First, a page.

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Is Premium and higher octane better than regular gas in Mazda 3, 2012 car?


Octane ratings have nothing to do with fuel economy or power. The octane rating only indicates how much the fuel air mixture can be compressed before it ignites without the spark plug firing in a hot running engine. Some really high compression engines require higher octane fuels so they don't knock when running. If you don't have a sticker under the filler lid that says you have to use one of higher octane fuels, then don't use high-test.
It used to be that using a low octane fuel in an engine designed to use high octane fuels could damage the engine.
Nowadays, engines are all computer controlled and most high octane engines will re-tune themselves on the fly so that they don't knock if the wrong grade of fuel is used.

Feb 20, 2015 | Mazda MAZDA3 Cars & Trucks

1 Answer

developing a ping... not bad gas, low miles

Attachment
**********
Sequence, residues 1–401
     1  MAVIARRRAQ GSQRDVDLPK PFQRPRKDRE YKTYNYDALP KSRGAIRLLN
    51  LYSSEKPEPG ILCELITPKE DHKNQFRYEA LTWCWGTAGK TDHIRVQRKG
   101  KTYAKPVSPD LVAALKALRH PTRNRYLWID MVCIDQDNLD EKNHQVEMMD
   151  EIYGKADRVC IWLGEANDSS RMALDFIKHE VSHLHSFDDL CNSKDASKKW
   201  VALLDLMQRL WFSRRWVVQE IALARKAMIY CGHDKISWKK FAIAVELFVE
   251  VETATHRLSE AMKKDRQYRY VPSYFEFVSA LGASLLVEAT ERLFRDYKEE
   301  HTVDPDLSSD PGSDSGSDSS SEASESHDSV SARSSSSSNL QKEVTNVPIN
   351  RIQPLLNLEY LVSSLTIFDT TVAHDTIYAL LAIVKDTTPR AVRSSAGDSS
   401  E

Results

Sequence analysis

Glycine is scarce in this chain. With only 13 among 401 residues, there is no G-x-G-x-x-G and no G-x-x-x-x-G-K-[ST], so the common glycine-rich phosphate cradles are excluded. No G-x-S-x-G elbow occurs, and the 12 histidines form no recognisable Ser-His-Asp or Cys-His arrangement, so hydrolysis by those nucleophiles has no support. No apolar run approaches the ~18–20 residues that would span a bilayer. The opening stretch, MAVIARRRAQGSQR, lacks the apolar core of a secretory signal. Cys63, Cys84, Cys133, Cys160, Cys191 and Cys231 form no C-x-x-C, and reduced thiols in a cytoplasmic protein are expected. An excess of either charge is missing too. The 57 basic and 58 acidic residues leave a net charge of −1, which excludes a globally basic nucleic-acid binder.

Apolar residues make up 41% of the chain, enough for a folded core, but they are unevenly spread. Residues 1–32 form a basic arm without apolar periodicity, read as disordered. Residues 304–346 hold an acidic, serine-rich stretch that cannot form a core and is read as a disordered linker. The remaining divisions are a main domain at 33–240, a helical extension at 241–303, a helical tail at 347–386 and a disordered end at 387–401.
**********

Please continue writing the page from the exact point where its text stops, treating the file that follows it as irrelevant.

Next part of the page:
It may not be bad gas, but it could be the wrong octane rating for that engine. Check your owner's manual and see what octane is recommended for that engine. If you're running 87 octane and it requires 91 or higher octane, then you need to be running the higher octane fuel. By running lower octane fuel in an engine that requires higher octane, your getting pre-ignition, the knocking sound you hear. What's happening is that as the piston moves up on the compression stroke, the gas/air mixture is compressing and as the pressure goes up, so does the temperature of that mixture. It's possible that temperature can get so hot that the gas/air mixture ignites from the high temperature and not from the spark plug. Higher octane fuel will help this since higher octane fuel is harder to ignite. I say try running some 92 or higher octane fuel in your car and see if you still hear the knocking.